Portland General Electric hikes residential rates by record 18%

By Monica Samayoa (OPB)
Dec. 29, 2023 12:37 a.m.

It’s the highest increase in 20 years. Household customers will pay $24 more a month for electricity. Businesses could see increases around 14%.

FILE - The sub station at Wheatridge Renewable Energy Facility, May 24, 2022.

FILE - The sub station at Wheatridge Renewable Energy Facility, May 24, 2022.

Kristyna Wentz-Graff / OPB

Portland General Electric customers are set to see an 18% increase on their bills starting Monday.


This comes as the Oregon Public Utility Commission approved pending adjustments and rate decisions Thursday that locked in PGE’s rates for the start of the year. Residential customers will see the biggest increase of an average of 18% on their bills, or about $24 more a month.

Commercial customers will see a 14.4% increase and industrial customers will see an 12.5% increase.

“The rate increase reflects the need to invest in the reliability and resiliency of PGE’s system, advance policy objectives like equity and clean energy, and the reality that PGE faces inflationary pressures and high market power prices,” Megan Decker, the Public Utility Commission chairperson, said in a press release Thursday. “We recognize how significant this rate increase will be for families and businesses.”

The increases are due to upgrades to the power grid and transmission lines, tree and vegetation maintenance, and an increase to power costs. It’s the company’s largest rate increase in more than 20 years. PGE said the price hike is also due to the company’s investment in renewable energy to phase out fossil fuel use.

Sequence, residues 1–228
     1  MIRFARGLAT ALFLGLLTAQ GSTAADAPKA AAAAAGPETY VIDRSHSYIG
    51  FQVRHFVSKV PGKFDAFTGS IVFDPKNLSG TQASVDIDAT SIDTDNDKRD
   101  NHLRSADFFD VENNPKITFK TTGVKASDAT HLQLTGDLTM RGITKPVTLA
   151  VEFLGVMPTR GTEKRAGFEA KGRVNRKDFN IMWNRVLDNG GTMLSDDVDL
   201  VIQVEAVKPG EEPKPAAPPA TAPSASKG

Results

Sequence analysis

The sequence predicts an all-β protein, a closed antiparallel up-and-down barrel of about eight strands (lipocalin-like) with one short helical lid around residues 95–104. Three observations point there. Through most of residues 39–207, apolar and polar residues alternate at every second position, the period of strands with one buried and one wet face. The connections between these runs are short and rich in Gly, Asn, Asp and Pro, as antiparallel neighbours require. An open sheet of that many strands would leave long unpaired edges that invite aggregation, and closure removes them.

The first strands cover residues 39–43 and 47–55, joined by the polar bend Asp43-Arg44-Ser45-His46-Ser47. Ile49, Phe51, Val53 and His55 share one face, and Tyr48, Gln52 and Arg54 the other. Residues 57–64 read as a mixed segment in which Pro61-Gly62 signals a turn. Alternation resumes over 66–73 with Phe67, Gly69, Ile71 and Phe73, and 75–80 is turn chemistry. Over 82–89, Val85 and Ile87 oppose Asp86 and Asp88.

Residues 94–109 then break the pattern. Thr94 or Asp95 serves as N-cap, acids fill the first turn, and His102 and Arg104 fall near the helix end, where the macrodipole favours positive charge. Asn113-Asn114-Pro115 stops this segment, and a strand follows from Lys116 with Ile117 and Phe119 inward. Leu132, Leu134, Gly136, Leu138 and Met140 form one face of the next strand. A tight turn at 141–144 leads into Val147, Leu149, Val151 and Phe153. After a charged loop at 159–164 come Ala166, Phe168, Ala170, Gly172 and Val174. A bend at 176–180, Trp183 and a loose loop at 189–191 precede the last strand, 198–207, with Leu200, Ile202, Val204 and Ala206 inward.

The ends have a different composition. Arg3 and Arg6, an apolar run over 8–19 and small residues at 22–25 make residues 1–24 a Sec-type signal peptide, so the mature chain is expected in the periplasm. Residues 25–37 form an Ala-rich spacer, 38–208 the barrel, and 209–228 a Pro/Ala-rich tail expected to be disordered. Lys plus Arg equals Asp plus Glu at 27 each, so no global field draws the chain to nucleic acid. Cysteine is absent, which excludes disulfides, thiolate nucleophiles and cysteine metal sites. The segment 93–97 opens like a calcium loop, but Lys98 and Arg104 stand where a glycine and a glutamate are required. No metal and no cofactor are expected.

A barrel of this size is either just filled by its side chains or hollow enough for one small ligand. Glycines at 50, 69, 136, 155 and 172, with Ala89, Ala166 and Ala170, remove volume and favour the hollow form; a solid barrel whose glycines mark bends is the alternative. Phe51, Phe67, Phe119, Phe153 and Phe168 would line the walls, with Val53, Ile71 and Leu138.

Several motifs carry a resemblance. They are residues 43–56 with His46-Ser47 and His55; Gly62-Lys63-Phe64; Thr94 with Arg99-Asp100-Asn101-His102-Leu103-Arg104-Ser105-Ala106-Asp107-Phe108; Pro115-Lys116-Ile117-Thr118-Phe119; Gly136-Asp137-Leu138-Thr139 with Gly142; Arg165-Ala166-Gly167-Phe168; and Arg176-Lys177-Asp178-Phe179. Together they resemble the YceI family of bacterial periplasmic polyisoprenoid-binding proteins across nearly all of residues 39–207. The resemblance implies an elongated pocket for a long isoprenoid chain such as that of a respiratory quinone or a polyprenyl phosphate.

In October, the Public Utility Commission approved most of PGE’s rate increases. At the time, residential rates were estimated to increase about 17%.


Related: Portland General Electric customers’ bills will go up starting in January

Customer advocacy group urges postponement of rate increase

Oregon Citizens’ Utility Board, a group that advocates for customers, said the increase may make it difficult for some households to pay their bills as the month of January is typically the highest bill people receive in the year. Executive Director Bob Jenks said despite how hot it gets during summer months, heating costs in the winter tend to be much higher.

“In the middle of winter, on the worst bills possible, raising them 18% is going to create problems for people,” he said. “If the month of January is cold, it’s going to be really problematic for folks, people are going to get bills they are not expecting.”

PGE rates are expected to rise again by 2% in April to address wildfire mitigation costs.

Jenks said the Citizens’ Utility Board asked the Public Utility Commission to delay these costs to avoid even higher bills during the winter months.

Related: Extreme heat stresses Oregon utilities trying to keep people cool and prevent fires

Customers should do what they can to prepare for the rate hike next month to avoid being surprised when they open their bills, Jenks said.

PGE, which serves about 900,000 customers statewide, offers discounts for low- to moderate-income households as well as energy efficient incentive programs through partnerships with Energy Trust of Oregon.

Oregon Public Utility Commissioners are also expected to approve rate increases for Pacific Power on Jan. 9. That company’s customers could see an increase of about 13% to their bills.